- The Washington Times - Thursday, May 8, 2003

There is one important first step for American nation-builders to take as they begin to create a new and better world for the people of Iraq. L. Paul Bremer III, civil administrator-designate and retired U.S. Gen. Jay Garner, director of the office of reconstruction, should order translation into Arabic and Farsi these lapidary words of Milton Friedman, my favorite imam, and then have them distributed as leaflets by the millions:

“No country that has relied primarily on detailed central planning has been able to achieve a high level of prosperity for the masses of its people. On the other hand, every country that has achieved a high level of prosperity for the masses of its people has relied primarily on free private markets to coordinate economic activities.”

According to the Wall Street Journal, the Bush administration’s sweeping reforms of Iraq’s economy envision privatization of Iraqi industry, selling off some state companies, building a consensus for privatization of the oil industry. To accomplish this miracle, there must be an intellectual basis for such reforms based on free market principles. Mr. Friedman’s words are simple, easily grasped and solidly founded on historical experience. That historical experience is visible, first, in the global repudiation of socialism and “central planning” wherever it has been imposed and, second, just look at the floundering laboristic economies of Germany and France.

Mr. Friedman’s “law” may be rejected by the “etatisme” of Europe’s social democrats concentrated in Germany and France. Although the validity of Friedmanism has been proven over and over again, the many believers in socialism, Marxist, Christian, guild, Leninist or any other variety remain unpersuaded. There will be some Iraqis, unregenerate Ba’athists, who, after the United States leaves, will seek to impose “central planning” on liberated Iraq. And European social democrats, and the unelected bureaucracies in the United Nations and the European Union will support them.

China is a perfect example of Mr. Friedman’s “law” at work: Its economic reforms flout central planning and allow a middle class to flourish. What better example of Friedmanism at work is there than the vast difference, socially, economically and politically between South and North Korea?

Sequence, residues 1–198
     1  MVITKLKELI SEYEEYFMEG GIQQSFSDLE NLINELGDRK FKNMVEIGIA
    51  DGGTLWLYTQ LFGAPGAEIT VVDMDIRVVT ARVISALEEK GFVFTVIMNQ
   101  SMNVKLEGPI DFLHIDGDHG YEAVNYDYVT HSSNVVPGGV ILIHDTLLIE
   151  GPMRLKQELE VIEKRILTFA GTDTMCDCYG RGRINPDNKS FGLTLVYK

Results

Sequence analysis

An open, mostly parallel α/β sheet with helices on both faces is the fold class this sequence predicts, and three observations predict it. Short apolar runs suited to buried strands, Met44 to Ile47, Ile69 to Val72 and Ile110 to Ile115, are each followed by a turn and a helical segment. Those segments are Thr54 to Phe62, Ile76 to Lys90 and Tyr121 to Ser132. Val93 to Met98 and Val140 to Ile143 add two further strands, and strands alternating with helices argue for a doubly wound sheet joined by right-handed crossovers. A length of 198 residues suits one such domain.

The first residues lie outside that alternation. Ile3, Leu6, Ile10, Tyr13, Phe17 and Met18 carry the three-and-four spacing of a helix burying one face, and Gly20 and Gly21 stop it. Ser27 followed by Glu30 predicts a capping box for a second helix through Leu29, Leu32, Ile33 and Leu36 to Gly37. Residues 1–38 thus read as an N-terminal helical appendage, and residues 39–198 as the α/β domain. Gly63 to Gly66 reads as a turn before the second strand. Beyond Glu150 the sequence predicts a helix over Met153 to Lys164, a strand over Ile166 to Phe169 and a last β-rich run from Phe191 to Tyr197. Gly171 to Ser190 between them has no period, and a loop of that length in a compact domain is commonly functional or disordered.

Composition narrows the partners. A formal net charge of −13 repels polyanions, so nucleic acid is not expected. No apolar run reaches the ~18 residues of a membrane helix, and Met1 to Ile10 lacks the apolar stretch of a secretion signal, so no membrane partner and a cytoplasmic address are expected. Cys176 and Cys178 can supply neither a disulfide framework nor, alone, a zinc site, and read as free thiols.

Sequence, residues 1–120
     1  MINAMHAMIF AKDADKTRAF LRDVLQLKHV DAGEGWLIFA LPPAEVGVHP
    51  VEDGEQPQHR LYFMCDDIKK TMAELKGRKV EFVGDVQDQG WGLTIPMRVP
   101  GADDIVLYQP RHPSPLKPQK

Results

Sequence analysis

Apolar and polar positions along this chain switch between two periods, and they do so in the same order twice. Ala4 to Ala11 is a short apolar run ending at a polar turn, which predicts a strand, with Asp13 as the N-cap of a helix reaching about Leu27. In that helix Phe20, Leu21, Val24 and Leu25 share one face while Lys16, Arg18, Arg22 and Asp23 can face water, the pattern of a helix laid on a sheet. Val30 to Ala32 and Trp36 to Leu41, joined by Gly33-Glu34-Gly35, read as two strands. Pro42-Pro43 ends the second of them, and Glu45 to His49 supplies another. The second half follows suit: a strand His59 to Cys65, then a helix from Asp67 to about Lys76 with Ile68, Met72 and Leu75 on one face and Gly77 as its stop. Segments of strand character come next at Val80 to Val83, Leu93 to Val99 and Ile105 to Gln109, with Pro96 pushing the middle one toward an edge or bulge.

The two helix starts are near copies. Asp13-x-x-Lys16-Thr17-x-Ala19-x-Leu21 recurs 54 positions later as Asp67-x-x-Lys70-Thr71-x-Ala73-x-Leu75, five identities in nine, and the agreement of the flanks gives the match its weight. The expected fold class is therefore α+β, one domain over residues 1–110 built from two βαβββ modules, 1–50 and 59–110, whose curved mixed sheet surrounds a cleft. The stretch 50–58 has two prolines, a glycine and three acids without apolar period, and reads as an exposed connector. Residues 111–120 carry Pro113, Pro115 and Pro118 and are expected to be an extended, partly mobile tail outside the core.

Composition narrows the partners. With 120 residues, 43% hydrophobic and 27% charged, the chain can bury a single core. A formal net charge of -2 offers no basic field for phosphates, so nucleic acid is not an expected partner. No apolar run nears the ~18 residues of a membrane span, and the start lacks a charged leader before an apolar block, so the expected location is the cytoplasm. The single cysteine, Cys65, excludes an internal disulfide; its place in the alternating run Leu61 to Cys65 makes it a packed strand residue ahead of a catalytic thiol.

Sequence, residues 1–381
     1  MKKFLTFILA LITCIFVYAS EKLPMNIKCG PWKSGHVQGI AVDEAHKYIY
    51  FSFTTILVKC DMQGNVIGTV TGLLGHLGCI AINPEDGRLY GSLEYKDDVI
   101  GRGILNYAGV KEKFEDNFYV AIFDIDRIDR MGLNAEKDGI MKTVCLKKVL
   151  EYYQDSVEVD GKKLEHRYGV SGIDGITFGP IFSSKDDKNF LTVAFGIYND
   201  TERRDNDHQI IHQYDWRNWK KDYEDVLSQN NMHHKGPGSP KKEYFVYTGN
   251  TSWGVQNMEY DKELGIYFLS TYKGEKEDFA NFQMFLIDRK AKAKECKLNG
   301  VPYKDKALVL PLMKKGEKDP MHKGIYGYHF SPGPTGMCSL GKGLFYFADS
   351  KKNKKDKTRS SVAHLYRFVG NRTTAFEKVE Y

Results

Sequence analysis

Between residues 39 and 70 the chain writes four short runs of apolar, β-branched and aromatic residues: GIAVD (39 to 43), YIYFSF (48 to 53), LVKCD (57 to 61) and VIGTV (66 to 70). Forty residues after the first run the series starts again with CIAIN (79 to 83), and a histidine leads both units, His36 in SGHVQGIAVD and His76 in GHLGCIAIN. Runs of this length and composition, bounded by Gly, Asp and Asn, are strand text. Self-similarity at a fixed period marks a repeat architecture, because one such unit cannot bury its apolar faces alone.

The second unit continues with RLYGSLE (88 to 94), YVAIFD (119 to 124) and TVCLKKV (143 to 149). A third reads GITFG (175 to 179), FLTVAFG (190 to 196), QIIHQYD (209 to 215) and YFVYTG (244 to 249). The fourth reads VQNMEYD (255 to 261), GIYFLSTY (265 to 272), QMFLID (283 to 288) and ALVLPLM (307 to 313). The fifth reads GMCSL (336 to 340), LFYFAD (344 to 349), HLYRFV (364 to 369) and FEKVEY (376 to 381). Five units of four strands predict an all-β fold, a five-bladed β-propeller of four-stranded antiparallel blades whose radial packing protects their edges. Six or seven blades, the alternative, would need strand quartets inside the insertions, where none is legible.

It is now forgotten that there was once a political culture, enthusiastically received in the West, that was based on something called the five-year plan. I remember as a Columbia undergraduate that my economics instructor (he later turned out to be a member of the Central Committee of the Communist Party) raved about Stalin’s great achievements — piatiletka — Russian for the magic five-year plan that would turn what had been Czarist Russia into an industrialized utopia.

Incredibly, many Western intellectuals fell for this socialist-planning myth. Let’s remember that a famous economist like Paul Samuelson in 1985 wrote in his best-selling economics textbook “there can be no doubt that the Soviet planning system has been a powerful engine for economic growth.” Five years later, there was no planning system and no Soviet Union. And millions and millions of Soviet citizens had been killed in the name of central planning.

Even more incredible was the judgment of MIT professor Lester Thurow who as late as 1989, on the eve of the Soviet collapse, wrote: “Can economic command significantly compress and accelerate the growth process? The remarkable performance of the Soviet Union suggests that it can. … Today it [Soviet Union] is a country whose economic achievements bear comparison with those of the United States.” In 1989.

What these admirers of central planning ignored was a simple empirical fact: In planned economies, demand for anything always exceeds supply of everything. In an article some years ago, Federal Judge Alex Kozinski quoted an East European friend as saying: “What we have learned from the experience of Eastern Europe and the Soviet Union is that you need capitalism to make socialism work.” Judge Kozinski added: “In other words, capitalism must produce what socialism is to distribute.”

Hilaire Belloc, the British essayist, said a century ago: “The control of the production of wealth is the control of human life itself.” Saddam Hussein knew and acted upon that truth. The Iraqi people, weighed down for 30 years by a Ba’athist dictatorship, has to relearn the meaning of a free society and free markets. And what better teacher than Nobel laureate Milton Friedman?

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